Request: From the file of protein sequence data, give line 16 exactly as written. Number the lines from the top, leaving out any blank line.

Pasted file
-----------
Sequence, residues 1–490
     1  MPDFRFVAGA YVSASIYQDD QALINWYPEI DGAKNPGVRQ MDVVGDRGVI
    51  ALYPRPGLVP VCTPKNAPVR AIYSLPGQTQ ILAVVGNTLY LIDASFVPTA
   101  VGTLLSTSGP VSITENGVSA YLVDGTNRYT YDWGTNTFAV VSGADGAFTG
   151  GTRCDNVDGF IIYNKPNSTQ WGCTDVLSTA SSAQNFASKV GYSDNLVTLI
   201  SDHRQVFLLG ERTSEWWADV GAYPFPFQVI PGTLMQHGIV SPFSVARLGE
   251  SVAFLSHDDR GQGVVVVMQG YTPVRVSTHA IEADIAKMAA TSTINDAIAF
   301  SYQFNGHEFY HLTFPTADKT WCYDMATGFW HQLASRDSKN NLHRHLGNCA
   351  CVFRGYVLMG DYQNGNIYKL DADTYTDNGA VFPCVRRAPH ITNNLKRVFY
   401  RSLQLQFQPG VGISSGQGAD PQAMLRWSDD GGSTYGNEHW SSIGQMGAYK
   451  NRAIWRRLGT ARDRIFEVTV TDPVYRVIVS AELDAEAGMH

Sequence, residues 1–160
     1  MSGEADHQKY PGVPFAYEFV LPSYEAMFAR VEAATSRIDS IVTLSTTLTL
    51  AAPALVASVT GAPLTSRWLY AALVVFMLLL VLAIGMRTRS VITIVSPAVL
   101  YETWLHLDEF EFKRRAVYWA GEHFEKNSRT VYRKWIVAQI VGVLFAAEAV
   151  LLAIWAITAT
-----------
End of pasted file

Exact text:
   151  LLAIWAITAT